17. ThreeBallot (2) On the Security of Ballot Receipts in E2E Voting Systems

  18. On the Security of Ballot Receipts in E2E Voting Systems

  19. Advantage On the Security of Ballot Receipts in E2E Voting Systems

  20. Advantage (2) On the Security of Ballot Receipts in E2E Voting Systems

  21. Integrity • Integrity Property: The ballot receipt should provide no information that would increase an adversary’s ability to add, delete, or modify ballots without detection. • Cost-Benefit Analysis: The probability of getting caught tampering with election results can be thought of as a cost to the adversary. What tampering with an election achieves can be thought of as a benefit. On the Security of Ballot Receipts in E2E Voting Systems

  22. Cost • In ThreeBallot, each receipt has a serial number. If the adversary sees a receipt or copy of one, she will not modify the corresponding ballot on the bulletin board when choosing a ballot to tamper with. This decreases her probability of getting caught, thus receipts leak partial information useful to the attacker. • If the adversary she’s all the receipts, her probability of getting caught is zero. ThreeBallot’s integrity checking is an improper cut-and-choose protocol. • This problem does not arise in Prêt à Voter or Punchscan because all the inputs to the tallying function are receipts. On the Security of Ballot Receipts in E2E Voting Systems

  23. Benefit • In Prêt à Voter and Punchscan, the best an adversary can hope to achieve is apply a random mapping between which candidate was voted for and which candidate gets the vote. • In ThreeBallot, an adversary can explicitly take a vote away from one candidate and give it to another candidate. • So ThreeBallot has both a lower cost and a greater benefit to an adversary mounting an integrity attack. In the special case, where the adversary sees every receipt, the cost is zero. On the Security of Ballot Receipts in E2E Voting Systems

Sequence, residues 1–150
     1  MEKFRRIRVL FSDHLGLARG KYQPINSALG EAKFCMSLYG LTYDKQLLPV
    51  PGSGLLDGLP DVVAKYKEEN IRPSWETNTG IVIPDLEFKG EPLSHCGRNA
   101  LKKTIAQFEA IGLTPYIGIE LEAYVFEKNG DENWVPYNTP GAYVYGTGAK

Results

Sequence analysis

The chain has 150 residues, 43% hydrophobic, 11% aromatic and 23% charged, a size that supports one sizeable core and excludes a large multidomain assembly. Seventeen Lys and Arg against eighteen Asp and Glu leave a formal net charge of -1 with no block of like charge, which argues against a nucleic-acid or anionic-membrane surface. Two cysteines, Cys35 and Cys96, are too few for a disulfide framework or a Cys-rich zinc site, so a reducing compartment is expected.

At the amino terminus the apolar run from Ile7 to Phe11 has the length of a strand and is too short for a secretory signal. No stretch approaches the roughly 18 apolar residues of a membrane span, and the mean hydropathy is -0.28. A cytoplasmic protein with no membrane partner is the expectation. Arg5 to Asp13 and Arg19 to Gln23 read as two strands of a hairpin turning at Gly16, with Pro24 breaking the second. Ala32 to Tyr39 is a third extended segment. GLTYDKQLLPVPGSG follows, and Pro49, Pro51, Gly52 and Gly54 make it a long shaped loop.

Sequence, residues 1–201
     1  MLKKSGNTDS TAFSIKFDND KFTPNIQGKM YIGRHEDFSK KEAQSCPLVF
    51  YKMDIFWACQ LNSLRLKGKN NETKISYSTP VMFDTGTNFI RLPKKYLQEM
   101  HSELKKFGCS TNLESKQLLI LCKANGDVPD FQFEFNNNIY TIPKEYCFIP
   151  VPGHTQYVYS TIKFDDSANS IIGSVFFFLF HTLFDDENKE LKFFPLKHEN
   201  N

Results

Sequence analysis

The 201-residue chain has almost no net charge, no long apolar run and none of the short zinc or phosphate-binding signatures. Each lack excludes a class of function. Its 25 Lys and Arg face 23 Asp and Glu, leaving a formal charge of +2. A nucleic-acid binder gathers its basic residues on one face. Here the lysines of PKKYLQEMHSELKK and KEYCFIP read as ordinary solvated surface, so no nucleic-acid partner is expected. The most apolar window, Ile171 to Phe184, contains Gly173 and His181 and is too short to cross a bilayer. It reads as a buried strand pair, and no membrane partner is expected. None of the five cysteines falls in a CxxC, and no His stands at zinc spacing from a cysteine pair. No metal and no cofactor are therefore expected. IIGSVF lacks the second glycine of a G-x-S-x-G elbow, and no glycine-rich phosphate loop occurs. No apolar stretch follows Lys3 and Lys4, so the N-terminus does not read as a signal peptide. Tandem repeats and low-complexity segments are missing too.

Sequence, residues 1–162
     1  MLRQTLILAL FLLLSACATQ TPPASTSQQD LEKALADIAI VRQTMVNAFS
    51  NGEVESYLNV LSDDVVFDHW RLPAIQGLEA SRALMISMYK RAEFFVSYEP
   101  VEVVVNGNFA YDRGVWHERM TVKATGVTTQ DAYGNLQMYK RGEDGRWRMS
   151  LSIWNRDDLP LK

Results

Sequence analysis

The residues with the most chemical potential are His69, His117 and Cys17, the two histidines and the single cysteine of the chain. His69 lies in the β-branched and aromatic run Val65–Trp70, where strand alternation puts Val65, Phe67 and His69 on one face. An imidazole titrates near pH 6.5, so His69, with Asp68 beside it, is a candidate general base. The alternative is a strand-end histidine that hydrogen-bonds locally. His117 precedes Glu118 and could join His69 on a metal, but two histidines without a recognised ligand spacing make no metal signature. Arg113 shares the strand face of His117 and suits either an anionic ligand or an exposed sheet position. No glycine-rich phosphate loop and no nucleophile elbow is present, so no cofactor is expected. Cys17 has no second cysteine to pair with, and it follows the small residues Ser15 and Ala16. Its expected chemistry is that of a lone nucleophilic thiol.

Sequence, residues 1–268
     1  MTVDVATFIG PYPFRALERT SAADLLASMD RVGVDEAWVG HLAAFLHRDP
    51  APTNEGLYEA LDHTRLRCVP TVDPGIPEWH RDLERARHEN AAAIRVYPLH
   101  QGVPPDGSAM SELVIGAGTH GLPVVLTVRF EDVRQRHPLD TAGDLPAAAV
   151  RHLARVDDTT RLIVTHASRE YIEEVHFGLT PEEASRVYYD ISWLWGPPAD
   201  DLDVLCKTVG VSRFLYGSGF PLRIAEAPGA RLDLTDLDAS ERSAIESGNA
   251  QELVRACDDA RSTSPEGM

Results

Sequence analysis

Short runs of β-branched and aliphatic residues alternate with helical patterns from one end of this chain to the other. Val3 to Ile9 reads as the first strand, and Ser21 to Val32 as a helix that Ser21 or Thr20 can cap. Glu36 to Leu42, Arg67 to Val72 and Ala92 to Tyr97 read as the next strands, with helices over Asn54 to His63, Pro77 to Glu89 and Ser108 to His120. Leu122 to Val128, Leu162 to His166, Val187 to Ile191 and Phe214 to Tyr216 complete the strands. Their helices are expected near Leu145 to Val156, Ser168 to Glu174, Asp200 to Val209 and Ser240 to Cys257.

24. Conclusions • Privacy Property: The ballot receipt should provide no information that would increase an adversary’s ability to determine how the ballot was cast. • Integrity Property: The ballot receipt should provide no information that would increase an adversary’s ability to add, delete, or modify ballots without detection. • ThreeBallot receipts fail to meet both criterion. On the Security of Ballot Receipts in E2E Voting Systems

  25. Future Work • The way to a provably secure voting system: • Marks Only • Psuedorandom Permutations • Serial Numbers or Cryptographic Onions • Bulletin Board • Election Results • Other Audit Information On the Security of Ballot Receipts in E2E Voting Systems

  26. Future Work • The way to a provably secure voting system: • Marks Only • Psuedorandom Permutations • Serial Numbers or Cryptographic Onions • Bulletin Board • Election Results • Other Audit Information Punchscan On the Security of Ballot Receipts in E2E Voting Systems

  27. Future Work • The way to a provably secure voting system: • Marks Only • Psuedorandom Permutations • Serial Numbers or Cryptographic Onions • Bulletin Board • Election Results • Other Audit Information Prêt à Voter, Punchscan, & ThreeBallot On the Security of Ballot Receipts in E2E Voting Systems

  28. Future Work • The way to a provably secure voting system: • Marks Only • Psuedorandom Permutations • Serial Numbers or Cryptographic Onions • Bulletin Board • Election Results • Other Audit Information • Combine partial information from ballot receipts to the Strauss attack on ThreeBallot. Also loosen the Strauss attack to be probabilistic. Prêt à Voter, Punchscan, & ThreeBallot On the Security of Ballot Receipts in E2E Voting Systems

  29. Future Work • The way to a provably secure voting system: • Marks Only • Psuedorandom Permutations • Serial Numbers or Cryptographic Onions • Bulletin Board • Election Results • Other Audit Information Prêt à Voter, Punchscan, & ThreeBallot On the Security of Ballot Receipts in E2E Voting Systems

  30. Future Work • The way to a provably secure voting system: • Marks Only • Psuedorandom Permutations • Serial Numbers or Cryptographic Onions • Bulletin Board • Election Results • Other Audit Information Prêt à Voter & Punchscan On the Security of Ballot Receipts in E2E Voting Systems

  31. Questions? On the Security of Ballot Receipts in E2E Voting Systems